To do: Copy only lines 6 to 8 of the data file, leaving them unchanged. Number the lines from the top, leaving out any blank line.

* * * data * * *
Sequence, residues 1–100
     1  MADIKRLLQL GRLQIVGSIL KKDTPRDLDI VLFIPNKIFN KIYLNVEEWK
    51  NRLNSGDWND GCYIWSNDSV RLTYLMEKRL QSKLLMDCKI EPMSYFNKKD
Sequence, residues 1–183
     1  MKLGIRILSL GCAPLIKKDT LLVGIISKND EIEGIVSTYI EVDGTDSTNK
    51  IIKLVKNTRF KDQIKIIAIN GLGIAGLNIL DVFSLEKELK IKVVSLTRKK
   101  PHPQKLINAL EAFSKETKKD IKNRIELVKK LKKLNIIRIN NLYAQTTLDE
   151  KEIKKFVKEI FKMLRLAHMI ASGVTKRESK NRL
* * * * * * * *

    51  IIKLVKNTRF KDQIKIIAIN GLGIAGLNIL DVFSLEKELK IKVVSLTRKK
   101  PHPQKLINAL EAFSKETKKD IKNRIELVKK LKKLNIIRIN NLYAQTTLDE
   151  KEIKKFVKEI FKMLRLAHMI ASGVTKRESK NRL